From there, the rest of my day consisted of slowly moving down the course and checking angles and positions for the coming days. As the riders were coming down one at a time for their time trials, it wasn’t the most exciting shooting ever, but certainly a much-needed evening of getting used to the course ー for the athletes, and myself as well.
Day 2: Practice
As far as content for the second day of shooting went, our only real shooting would begin in the evening with the qualification runs. So I had a good amount of time to chill and chat with the other photographers and staff.
So much of these events is rush- rush- rush, so it can be nice to have some time just to talk and get to know the other photographers. The “main” photographers come from overseas and follow the series around the world. It’s often a different group that comes to Japan each year, so I always enjoy meeting these kindred spirits and learning what I can from their skills and experience.
After a relaxed afternoon, we moved out across the course to shoot the qualifiers. These were runs with four athletes per race, and at night ー the same conditions as the main event the next day.
I was given a general assignment of where to start and finish the night, but nothing too rigid. It was just important to make sure the photographers were not too bunched up and shooting from the same spot.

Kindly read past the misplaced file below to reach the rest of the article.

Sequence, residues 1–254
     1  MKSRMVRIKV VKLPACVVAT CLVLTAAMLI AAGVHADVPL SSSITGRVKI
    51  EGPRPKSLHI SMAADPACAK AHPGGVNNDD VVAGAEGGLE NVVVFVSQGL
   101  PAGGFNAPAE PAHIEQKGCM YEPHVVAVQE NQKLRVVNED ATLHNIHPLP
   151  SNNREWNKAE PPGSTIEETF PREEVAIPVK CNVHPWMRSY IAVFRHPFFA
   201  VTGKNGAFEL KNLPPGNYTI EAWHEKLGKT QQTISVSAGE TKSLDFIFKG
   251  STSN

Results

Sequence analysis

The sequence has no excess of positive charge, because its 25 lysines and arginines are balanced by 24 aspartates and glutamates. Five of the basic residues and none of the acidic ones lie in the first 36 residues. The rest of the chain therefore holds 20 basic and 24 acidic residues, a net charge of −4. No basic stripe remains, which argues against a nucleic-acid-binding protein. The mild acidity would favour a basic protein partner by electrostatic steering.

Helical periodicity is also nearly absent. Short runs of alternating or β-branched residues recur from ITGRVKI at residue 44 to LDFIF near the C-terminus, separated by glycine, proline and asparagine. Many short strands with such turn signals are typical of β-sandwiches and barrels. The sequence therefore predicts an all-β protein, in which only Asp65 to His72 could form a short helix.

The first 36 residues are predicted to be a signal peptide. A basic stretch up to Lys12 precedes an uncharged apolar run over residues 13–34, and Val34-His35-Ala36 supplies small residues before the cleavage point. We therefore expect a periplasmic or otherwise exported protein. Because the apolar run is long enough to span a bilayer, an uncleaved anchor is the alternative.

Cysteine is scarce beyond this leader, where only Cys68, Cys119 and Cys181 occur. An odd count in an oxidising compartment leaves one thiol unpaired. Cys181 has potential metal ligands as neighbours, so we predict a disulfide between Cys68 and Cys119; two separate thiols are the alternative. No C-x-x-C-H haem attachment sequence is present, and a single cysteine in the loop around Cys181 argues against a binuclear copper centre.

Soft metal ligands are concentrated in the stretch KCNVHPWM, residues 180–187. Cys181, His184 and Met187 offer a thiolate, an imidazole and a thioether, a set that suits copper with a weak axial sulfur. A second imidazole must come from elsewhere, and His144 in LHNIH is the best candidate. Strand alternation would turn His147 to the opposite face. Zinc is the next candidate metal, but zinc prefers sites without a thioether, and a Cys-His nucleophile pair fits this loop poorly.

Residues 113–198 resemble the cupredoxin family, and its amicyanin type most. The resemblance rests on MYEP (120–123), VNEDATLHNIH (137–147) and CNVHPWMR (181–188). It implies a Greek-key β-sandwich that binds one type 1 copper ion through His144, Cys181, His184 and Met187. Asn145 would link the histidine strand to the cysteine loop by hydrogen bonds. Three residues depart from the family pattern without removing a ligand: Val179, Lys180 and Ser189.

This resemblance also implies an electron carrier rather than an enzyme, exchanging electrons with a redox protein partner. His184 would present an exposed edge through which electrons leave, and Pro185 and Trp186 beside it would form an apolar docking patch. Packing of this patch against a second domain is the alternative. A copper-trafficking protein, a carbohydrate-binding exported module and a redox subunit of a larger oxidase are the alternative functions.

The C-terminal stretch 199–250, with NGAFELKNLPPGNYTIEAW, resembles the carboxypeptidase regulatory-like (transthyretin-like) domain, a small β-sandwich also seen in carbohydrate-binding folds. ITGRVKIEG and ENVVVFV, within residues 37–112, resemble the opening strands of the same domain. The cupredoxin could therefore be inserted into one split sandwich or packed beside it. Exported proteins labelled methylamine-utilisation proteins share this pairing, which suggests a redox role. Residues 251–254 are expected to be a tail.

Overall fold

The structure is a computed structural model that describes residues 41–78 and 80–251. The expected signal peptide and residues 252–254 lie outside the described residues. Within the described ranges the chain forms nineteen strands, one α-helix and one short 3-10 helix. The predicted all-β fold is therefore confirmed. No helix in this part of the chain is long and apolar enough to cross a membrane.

And wouldn’t you know it, just as we were heading out, it started to rain. Oh well, I still had to do my job!
I started my shooting about two-thirds of the way down the track on a nice straight-of-way. I got some great shots there last year, so thought it would be a good place to get into the groove of the night. From there, I was really all over the place.
The purpose of this day’s shooting was to find angles and shots that would work well with the four athletes when they come down together during the races, so I was moving quite a bit. One of my favorite places to shoot was down at the finish, getting images of the riders after they had finished their races. In particular, there was one athlete who, during his race, had crashed and ended up with a bloody face. The amazing thing was he was still excited, and even gave me a big smile when he saw me taking his picture.
From there, I headed back up to the top of the course. There was a big jump after the initial massive drop, and the first turn of the course was also a really exciting place to shoot. Watching the four athletes fly through the air over the first jump was really impressive. They were getting some crazy air, and the speed at which they were flying by me was actually a little scary, haha!
Shooting in the first corner was really exciting as well, as it’s a great spot for bumps and crashes, and the athletes have to slow WAY down to make the turn. This meant a lot of ice was flying around from their sudden braking. Many times I had ice and slush fly up and get me and my camera. It was a lot of fun, to say the least.
The final highlight of the second night was the freestyle competition. This is where riders come down the course, one by one, and do various tricks over the jumps along the course. As I was at the beginning section of the course when this started, I ran up to the first big jump and started shooting there.